"I want to see his accomplishments meet his size and stature and I think they're getting there."
-- Irish head coach Brian Kelly regarding 6'6" 270-pound junior tight end Troy Niklas
Productive tight ends are a given at Notre Dame, both before the Brian Kelly era and at its apex during. No school has produced more NFL talent over the last decade -- or the last four decades. No fan base has regularly enjoyed the "Next Man In" each season at any position as much as Irish fans and their highly touted tight ends.
But when one of the three best in program history moves on to the professional ranks, a drop-off is expected. And in terms of production, likely unavoidable.
(Offered the aforementioned Niklas of Eifert's whopping 96 pass targets last fall: "I can say, unequivocally, we won't get that many. Combined.")
But quality play at the position is still the baseline expectation, and for Notre Dame 2013, it will come from a trio of upperclassmen at the position.
"We're seeing an improvement in this big, young man at the tight end position every day and it's pretty exciting," said Kelly of Niklas. "And I will say, I'm really pleased with Ben (Koyack) and Alex (Welch) too. They both can be really important components of our offense."
Sans the injured Welch, they were last fall, too, with Niklas and/or Koyack joining Eifert on nine of Notre Dame's first 11 touchdowns scored. On more than half of the team's first 16 touchdowns (opening five games prior to the Bye), all three of the Eifert/Niklas/Koyack triumvirate were on the field simultaneously.
Notre Dame's "12 package" (two tight ends) should again be a key component in what will be a multiple-look offensive attack in 2013.
"We try to work as tight ends as a group so they want to use all of us," said Welch, now fully recovered from an August 2012 ACL tear. "Just help the team. They ask us to do a lot. We like to block, catch the ball, do everything in this offense. We're ready for it.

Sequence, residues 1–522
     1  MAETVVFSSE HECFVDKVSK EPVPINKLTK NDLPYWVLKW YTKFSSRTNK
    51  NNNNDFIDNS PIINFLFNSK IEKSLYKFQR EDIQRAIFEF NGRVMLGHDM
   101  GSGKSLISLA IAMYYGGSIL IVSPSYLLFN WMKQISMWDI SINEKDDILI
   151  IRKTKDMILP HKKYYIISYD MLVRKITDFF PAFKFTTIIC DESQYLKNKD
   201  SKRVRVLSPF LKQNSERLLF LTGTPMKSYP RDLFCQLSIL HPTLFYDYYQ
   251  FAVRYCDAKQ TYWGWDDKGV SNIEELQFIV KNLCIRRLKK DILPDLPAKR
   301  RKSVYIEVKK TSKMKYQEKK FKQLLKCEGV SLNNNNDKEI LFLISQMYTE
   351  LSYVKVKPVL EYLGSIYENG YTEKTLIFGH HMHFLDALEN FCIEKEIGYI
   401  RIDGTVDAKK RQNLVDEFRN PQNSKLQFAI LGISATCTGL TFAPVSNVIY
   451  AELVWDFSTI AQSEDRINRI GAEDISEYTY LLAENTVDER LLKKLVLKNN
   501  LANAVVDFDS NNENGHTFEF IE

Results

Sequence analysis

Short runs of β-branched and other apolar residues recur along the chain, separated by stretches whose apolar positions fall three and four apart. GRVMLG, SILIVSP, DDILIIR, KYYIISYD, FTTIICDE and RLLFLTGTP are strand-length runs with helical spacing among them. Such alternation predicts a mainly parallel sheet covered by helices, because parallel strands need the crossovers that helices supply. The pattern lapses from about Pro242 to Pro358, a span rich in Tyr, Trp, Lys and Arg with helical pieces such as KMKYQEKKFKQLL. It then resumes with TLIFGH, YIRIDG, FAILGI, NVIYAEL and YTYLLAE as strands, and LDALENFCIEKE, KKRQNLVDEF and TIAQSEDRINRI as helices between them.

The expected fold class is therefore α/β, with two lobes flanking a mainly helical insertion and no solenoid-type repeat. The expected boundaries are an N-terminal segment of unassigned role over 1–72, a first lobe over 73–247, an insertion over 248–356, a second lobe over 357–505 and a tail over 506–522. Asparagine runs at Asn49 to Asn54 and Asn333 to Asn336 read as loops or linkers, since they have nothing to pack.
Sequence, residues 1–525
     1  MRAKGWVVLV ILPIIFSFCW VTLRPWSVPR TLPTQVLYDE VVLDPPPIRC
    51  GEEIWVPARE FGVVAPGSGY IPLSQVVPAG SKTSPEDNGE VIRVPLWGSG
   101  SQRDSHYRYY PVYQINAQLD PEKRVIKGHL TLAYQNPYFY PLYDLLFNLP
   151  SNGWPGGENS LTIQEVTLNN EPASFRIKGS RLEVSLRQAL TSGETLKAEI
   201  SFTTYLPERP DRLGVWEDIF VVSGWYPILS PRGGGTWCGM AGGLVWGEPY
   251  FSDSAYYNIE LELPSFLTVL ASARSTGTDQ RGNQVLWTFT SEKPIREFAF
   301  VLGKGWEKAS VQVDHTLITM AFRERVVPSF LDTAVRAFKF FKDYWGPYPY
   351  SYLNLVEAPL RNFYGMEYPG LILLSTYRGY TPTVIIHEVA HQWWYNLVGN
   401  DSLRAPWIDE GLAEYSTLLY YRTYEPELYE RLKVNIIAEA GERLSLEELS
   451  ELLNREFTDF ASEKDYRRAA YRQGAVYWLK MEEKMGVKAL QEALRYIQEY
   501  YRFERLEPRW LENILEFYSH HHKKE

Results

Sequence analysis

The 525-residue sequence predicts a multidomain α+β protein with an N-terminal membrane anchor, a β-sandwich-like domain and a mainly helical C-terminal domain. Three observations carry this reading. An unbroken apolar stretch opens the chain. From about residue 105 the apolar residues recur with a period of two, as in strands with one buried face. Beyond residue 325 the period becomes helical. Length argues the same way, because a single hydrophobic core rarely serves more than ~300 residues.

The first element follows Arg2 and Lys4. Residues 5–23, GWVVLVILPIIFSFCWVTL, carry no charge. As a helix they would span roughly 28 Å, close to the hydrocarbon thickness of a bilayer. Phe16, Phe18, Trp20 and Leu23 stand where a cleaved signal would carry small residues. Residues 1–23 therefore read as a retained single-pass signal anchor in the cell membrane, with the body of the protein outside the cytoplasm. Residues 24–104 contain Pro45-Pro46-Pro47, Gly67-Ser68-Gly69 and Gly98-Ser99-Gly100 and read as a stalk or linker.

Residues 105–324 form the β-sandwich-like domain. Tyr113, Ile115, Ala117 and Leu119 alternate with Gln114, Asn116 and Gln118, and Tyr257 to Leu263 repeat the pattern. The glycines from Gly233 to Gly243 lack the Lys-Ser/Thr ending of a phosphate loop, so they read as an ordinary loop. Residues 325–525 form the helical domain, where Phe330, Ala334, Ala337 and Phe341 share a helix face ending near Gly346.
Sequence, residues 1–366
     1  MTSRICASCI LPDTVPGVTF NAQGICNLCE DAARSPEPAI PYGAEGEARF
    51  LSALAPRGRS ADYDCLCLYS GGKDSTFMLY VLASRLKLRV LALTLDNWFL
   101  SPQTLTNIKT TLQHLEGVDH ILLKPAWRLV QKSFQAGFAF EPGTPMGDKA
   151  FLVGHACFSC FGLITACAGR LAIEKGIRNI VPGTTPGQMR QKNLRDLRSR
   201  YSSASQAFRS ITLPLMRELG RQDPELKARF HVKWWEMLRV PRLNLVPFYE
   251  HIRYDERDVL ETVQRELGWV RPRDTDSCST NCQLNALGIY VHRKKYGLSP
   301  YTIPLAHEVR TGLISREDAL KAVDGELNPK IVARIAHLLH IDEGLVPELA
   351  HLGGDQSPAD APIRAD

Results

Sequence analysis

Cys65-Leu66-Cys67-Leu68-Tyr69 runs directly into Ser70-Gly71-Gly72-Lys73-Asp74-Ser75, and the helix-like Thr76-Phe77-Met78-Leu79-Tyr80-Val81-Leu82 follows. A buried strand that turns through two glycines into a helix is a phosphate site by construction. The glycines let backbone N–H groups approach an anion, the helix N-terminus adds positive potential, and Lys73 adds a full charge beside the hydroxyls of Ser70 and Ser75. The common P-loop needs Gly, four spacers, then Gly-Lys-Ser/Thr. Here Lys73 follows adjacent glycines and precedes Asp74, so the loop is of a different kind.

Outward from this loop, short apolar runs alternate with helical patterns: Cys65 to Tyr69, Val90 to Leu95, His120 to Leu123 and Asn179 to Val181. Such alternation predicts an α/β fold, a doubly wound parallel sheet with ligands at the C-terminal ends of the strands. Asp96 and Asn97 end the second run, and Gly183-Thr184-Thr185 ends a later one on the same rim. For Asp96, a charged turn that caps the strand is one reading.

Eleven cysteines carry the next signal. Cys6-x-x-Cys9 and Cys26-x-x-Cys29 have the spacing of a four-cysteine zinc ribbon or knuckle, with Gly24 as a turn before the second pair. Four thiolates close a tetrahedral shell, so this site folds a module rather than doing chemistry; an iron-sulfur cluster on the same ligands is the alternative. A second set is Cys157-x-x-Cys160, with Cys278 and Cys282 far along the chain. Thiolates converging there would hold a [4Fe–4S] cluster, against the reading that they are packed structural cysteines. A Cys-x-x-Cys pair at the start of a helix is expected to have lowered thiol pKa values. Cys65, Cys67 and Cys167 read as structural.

"It's all about the matchups on linebackers and safeties. If the coaches want three tight ends out there, we're ready for that too."
Welch is ready for it after an off-season of grueling work in an effort to be full speed in August.
"Oh it was very important because now I don't have to go through it in camp," said Welch of his accelerated efforts that put him in full pads during spring ball, just seven months after surgery. "I've been able (in August) to go play football. When you're thinking about your knee you're not paying attention to coverages and things you have to be ready for. It was a lot of hard work. Treatment every day and rehab. Always looking forward."
The in-line compliment to Eifert's perimeter prowess last season was position neophyte Troy Niklas. One season removed from linebacker duties, Niklas started six games at tight end, played more snaps than all but four skill position competitors, and was the only Notre Dame player not named Tyler Eifert to draw a pass interference penalty from an opponent last fall.
He's the assumed starter among a trio of given contributors.
"The other day in the red zone, he used his body and his size and he complimented it with his pass-catching," said Kelly of Niklas' skill set catching up to his stature. "He didn't have that feel last year. He was a big-bodied guy running around there. He's getting there, he's learning, he's understanding those things, and the same thing in the run game."
At 270 and overtly physical, it's assumed Niklas will improve immensely as a blocker after an uneven effort last fall. He's worked tirelessly on that aspect of his game, ball skills coming a bit more naturally after a youth spent playing basketball.